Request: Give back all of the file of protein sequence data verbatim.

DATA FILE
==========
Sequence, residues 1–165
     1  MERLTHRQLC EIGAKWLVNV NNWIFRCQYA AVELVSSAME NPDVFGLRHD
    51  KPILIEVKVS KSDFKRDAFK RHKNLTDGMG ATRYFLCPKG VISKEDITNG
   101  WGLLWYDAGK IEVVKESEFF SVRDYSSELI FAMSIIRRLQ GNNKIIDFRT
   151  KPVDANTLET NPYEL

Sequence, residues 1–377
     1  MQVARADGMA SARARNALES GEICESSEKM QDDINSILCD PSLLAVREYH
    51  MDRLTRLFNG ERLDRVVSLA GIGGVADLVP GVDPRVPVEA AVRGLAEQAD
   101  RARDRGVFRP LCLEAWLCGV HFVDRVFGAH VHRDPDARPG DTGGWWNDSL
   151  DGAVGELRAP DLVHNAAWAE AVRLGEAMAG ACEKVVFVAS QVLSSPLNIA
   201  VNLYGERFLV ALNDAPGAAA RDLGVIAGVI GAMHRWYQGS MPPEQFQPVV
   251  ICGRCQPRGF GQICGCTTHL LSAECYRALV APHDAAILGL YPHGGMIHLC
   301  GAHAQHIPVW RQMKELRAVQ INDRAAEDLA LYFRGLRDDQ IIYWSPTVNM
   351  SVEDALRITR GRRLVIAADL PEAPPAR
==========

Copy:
Sequence, residues 1–165
     1  MERLTHRQLC EIGAKWLVNV NNWIFRCQYA AVELVSSAME NPDVFGLRHD
    51  KPILIEVKVS KSDFKRDAFK RHKNLTDGMG ATRYFLCPKG VISKEDITNG
   101  WGLLWYDAGK IEVVKESEFF SVRDYSSELI FAMSIIRRLQ GNNKIIDFRT
   151  KPVDANTLET NPYEL

Sequence, residues 1–377
     1  MQVARADGMA SARARNALES GEICESSEKM QDDINSILCD PSLLAVREYH
    51  MDRLTRLFNG ERLDRVVSLA GIGGVADLVP GVDPRVPVEA AVRGLAEQAD
   101  RARDRGVFRP LCLEAWLCGV HFVDRVFGAH VHRDPDARPG DTGGWWNDSL
   151  DGAVGELRAP DLVHNAAWAE AVRLGEAMAG ACEKVVFVAS QVLSSPLNIA
   201  VNLYGERFLV ALNDAPGAAA RDLGVIAGVI GAMHRWYQGS MPPEQFQPVV
   251  ICGRCQPRGF GQICGCTTHL LSAECYRALV APHDAAILGL YPHGGMIHLC
   301  GAHAQHIPVW RQMKELRAVQ INDRAAEDLA LYFRGLRDDQ IIYWSPTVNM
   351  SVEDALRITR GRRLVIAADL PEAPPAR